Knowledge about Pakistan among the Spanish population is rather limited but it would be true to say that the country has had a very bad press. Interest is often limited to the presence of Pakistanis in Barcelona.
The academic world in Spain has paid the country scant attention; when it has done so, it’s only in the context of immigration. The press is seemingly obsessed with Pakistan’s role in the War on Terror.
Some of the Pakistani associations have worked to change the stereotypes, but it has proved to be a difficult task. However, there is a growing interest in Pakistani culture, albeit mainly in its English language manifestation (literature, cinema, music).
Writers such as Nadeem Aslam, Mohsin Hamid, Mohammed Hanif, Kamila Shamsie or Bapsi Sidwa have been translated into Spanish, thereby creating an impression far more positive than that given by the press.
Some of these authors have also visited the city and presented their work at different cultural centres.
The lives of women
From 2000 onwards, Pakistani women started to arrive in Barcelona, although in lower numbers than the menfolk. It is very striking to the Spanish eye to see the lack of participation of women in general.
Women from other migrant communities are out and about, taking part in all sorts of activities, and in many cases, acting as pioneers in the migrant experience.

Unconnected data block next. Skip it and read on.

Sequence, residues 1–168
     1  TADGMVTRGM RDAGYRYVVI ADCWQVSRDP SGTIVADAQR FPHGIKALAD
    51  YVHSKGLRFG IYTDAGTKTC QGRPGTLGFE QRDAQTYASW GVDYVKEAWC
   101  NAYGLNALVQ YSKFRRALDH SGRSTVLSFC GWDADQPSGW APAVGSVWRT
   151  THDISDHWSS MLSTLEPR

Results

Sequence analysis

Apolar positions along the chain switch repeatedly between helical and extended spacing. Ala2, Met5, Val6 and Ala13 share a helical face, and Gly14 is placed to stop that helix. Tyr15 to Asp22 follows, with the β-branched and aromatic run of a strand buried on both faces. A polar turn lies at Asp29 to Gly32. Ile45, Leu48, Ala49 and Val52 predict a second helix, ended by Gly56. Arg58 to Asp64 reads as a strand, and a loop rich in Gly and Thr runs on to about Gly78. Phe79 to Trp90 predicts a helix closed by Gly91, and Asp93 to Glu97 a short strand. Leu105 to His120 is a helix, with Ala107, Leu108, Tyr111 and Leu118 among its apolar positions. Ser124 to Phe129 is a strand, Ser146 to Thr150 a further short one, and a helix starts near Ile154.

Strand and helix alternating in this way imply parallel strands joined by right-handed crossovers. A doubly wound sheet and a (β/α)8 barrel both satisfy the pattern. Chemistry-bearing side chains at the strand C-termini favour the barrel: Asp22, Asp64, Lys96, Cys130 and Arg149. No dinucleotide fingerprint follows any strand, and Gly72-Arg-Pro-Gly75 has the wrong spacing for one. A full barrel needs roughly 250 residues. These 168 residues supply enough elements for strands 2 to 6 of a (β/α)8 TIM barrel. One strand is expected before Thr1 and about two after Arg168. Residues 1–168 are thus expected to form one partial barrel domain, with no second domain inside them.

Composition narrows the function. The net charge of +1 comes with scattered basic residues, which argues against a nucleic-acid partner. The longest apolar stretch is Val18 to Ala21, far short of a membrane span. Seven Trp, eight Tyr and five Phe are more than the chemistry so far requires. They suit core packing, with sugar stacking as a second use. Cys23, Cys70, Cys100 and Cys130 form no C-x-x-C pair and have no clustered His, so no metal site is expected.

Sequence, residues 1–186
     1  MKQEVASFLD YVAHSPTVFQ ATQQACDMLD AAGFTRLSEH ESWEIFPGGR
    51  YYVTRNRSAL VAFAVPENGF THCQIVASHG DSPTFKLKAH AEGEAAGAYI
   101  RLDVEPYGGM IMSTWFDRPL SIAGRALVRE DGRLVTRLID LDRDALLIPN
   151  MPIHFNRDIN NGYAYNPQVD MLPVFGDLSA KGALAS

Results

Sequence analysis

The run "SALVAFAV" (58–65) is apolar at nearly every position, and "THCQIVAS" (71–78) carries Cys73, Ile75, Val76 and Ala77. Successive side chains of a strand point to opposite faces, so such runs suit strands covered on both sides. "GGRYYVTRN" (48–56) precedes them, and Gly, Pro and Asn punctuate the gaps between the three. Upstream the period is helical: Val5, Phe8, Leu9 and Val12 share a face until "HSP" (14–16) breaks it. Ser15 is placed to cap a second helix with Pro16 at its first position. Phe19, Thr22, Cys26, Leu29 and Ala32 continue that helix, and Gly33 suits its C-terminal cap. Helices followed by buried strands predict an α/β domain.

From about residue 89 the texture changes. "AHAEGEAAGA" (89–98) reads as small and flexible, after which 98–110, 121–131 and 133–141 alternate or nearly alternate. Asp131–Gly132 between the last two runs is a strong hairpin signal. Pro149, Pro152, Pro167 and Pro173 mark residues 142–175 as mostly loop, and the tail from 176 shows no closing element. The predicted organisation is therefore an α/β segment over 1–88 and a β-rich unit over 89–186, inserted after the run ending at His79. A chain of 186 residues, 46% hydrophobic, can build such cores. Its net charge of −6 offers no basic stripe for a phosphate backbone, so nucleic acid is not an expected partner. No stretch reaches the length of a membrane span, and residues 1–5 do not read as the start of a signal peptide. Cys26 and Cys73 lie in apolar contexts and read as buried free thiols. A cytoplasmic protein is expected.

######Even those from other Muslim countries like Morocco participate more actively than their Pakistani coreligionists.
This is no doubt the most controversial aspect when we deal with the Pakistani community in Spain.
Although many associations tend to organise family events, women participate in these in the traditional roles of mothers and homemakers, and account for less than 1% of those attending.
Some of the women have told me they had more freedom back in Pakistan, where they could visit relatives within their village, go shopping and roam relatively freely.
“Here,” one of them told me, “we are sometimes prisoners in our own houses. I sometimes leave home only to drop my boys off at school and pick them up. But if my husband can do it a certain day, not even that.”
Pakistani men in Barcelona usually explain that they will not allow their women to become ‘contaminated’ by local norms of behaviour. This vision is very pronounced in the case of daughters reaching puberty.
Under Spanish law, it is compulsory for all children to study until they are 16 years old. Some schools, however, complain that Pakistani girls sometimes disappear from their classes when they reach the age of 14 or 15.